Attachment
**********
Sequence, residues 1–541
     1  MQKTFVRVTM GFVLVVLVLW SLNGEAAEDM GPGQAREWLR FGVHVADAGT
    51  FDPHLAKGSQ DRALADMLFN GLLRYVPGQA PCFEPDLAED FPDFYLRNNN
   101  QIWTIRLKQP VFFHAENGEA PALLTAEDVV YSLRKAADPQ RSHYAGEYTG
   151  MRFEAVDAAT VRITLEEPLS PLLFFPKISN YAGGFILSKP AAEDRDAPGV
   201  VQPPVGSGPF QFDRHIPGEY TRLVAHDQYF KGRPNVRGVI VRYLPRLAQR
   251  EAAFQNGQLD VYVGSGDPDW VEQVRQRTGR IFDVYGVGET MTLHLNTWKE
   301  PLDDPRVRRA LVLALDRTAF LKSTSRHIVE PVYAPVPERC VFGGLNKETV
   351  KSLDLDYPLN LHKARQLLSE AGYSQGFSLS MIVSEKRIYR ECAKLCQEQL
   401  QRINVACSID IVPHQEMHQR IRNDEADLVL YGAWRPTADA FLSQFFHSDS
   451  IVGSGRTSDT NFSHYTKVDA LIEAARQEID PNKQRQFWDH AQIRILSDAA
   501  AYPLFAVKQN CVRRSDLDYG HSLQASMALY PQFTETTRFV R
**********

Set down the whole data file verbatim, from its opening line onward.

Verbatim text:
Sequence, residues 1–541
     1  MQKTFVRVTM GFVLVVLVLW SLNGEAAEDM GPGQAREWLR FGVHVADAGT
    51  FDPHLAKGSQ DRALADMLFN GLLRYVPGQA PCFEPDLAED FPDFYLRNNN
   101  QIWTIRLKQP VFFHAENGEA PALLTAEDVV YSLRKAADPQ RSHYAGEYTG
   151  MRFEAVDAAT VRITLEEPLS PLLFFPKISN YAGGFILSKP AAEDRDAPGV
   201  VQPPVGSGPF QFDRHIPGEY TRLVAHDQYF KGRPNVRGVI VRYLPRLAQR
   251  EAAFQNGQLD VYVGSGDPDW VEQVRQRTGR IFDVYGVGET MTLHLNTWKE
   301  PLDDPRVRRA LVLALDRTAF LKSTSRHIVE PVYAPVPERC VFGGLNKETV
   351  KSLDLDYPLN LHKARQLLSE AGYSQGFSLS MIVSEKRIYR ECAKLCQEQL
   401  QRINVACSID IVPHQEMHQR IRNDEADLVL YGAWRPTADA FLSQFFHSDS
   451  IVGSGRTSDT NFSHYTKVDA LIEAARQEID PNKQRQFWDH AQIRILSDAA
   501  AYPLFAVKQN CVRRSDLDYG HSLQASMALY PQFTETTRFV R